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Old 04-17-2010, 11:16 AM
 
Location: Utopia
1,999 posts, read 9,424,022 times
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I know the property tax laws have changed recently in Florida (2009 I think). I am interested in relocating there, but I still don't understand what that means if I buy a new condo there.
Since I keep reading that the folks who owned condos before this law passed will be paying much lower property taxes than new condo residents that purchase after the passing of this law, but what does this mean? Yes, I did look at Florida Tax Watch which is supposed to explain it quickly but I didn't find the explanation.
Before I make a huge mistake and purchase there, can someone explain please what this new tax law means to those of us who are interested in purchasing a condo now that this law has passed? I am just not getting it....
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Old 04-17-2010, 11:45 AM
 
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The most recent prop tax law passed that I'm aware of was a psuedo save our home clause for nonhomesteaded property which, I believe, limits amounts upon which those properties can be appraised annually to 10% greater than the prior year, giving those properties some measure of protection.

The most significant change before that was our save our home (soh) portability issue, of which, after many years of residents feeling locked into their houses by property taxes, passed just in time for the housing crash to lock everyone back in their homes. No good deed goes unpunished.

The difference between what longer term homestead holders and newbies pay in taxes has been hugely minimalized by the housing crash, which now has many properties priced at 1990s or early 2000s prices. As well, due to Florida's recapture rule, while existing homeowner's have seen their home values crash, they've also experienced a decrease in the difference between their soh values and market values, which can rise as much as 3%/annual even as prices deteriorate.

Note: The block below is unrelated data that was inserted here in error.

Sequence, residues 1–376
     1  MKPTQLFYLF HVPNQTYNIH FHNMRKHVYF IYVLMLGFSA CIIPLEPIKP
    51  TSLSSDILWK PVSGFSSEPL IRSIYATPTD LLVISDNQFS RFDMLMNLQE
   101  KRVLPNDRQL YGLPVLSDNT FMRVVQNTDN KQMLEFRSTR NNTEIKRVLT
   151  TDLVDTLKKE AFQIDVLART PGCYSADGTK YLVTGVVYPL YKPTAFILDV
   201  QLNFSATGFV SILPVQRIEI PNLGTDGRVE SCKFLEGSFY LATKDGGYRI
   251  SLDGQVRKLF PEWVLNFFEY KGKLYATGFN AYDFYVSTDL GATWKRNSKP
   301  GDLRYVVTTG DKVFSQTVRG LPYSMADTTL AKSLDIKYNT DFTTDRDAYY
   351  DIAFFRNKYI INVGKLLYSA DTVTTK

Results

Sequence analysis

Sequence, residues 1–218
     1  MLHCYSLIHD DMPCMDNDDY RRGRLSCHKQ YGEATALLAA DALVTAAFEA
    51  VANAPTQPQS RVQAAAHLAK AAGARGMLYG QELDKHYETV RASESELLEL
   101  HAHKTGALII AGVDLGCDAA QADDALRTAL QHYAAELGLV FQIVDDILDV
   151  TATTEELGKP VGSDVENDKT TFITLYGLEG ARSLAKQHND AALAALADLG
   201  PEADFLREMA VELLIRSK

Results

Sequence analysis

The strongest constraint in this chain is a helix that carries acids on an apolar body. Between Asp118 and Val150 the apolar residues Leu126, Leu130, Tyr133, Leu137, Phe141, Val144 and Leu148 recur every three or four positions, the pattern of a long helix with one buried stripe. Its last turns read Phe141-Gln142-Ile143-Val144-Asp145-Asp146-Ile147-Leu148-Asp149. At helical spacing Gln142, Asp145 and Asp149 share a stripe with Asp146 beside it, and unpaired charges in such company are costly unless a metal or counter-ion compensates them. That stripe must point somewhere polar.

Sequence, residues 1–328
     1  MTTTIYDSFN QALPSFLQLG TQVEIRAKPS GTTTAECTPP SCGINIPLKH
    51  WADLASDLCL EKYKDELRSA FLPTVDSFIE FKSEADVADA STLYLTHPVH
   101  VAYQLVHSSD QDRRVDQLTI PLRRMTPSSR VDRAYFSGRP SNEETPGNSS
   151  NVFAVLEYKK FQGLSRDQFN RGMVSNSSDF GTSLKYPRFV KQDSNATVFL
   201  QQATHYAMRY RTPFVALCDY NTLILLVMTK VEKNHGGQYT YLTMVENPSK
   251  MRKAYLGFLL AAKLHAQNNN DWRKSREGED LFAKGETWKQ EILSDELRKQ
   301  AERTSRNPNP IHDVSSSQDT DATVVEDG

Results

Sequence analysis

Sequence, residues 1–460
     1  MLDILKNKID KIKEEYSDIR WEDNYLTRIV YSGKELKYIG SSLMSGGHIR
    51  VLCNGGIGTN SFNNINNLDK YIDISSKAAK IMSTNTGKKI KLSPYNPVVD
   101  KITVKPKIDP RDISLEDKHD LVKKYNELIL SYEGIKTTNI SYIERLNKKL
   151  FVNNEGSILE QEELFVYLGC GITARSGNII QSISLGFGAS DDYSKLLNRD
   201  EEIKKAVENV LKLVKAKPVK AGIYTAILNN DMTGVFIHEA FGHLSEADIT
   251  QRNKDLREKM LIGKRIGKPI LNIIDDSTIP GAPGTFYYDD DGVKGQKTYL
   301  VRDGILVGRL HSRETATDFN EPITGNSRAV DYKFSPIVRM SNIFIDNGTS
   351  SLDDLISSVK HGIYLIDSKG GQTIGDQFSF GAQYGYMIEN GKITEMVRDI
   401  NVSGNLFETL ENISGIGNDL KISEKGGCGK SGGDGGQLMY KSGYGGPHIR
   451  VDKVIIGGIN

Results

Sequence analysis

So, basically, I guess what I"m saying is forget about it. This is by now pretty much a non-issue. But if you are still very concerned about how much less your neighbor will be paying in taxes than you might be paying, buying in at/near bottom, then just think how jealous the next generation of buyers will be of you.
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Old 04-17-2010, 05:49 PM
 
3,923 posts, read 10,292,044 times
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The biggest change for Florida condominium owners was the enactment of legislation that now requires homeowner's insurance for full replacement value of each unit. Here's a link to the statutes ---> Statutes & Constitution :View Statutes : flsenate.gov. It's a very real issue, especially for owners who have no mortgage on their units and have historically only paid the association maintenance fees.
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Old 04-18-2010, 01:56 PM
 
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Hadn't heard of this. A precursor to mandatory health insurance? Did the condo have too much bargaining power when buying in bulk? Does condo insurance as part of association fees no longer pay for the exterior of the building? What is meant by "full replacement value of each unit"? Is the entire building no longer responsible for, say, individual balcony repair/replacement?

I wonder who lobbied that? I might be able to understand the intent of trying to keep up a unit in a building where the one unit could effect the price of others in the same building, but just because someone has insurance does not mandate they use claim proceeds to fix it.

What's next? A mandate for granite countertops?
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Old 04-18-2010, 02:37 PM
 
Location: Niceville, FL
7,647 posts, read 16,033,018 times
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My guess would be that it's in response to the under-insurance problems some complexes had when damaged by storm in 2004-05 which led to $25K-$50K+ special assessments for some homeowners.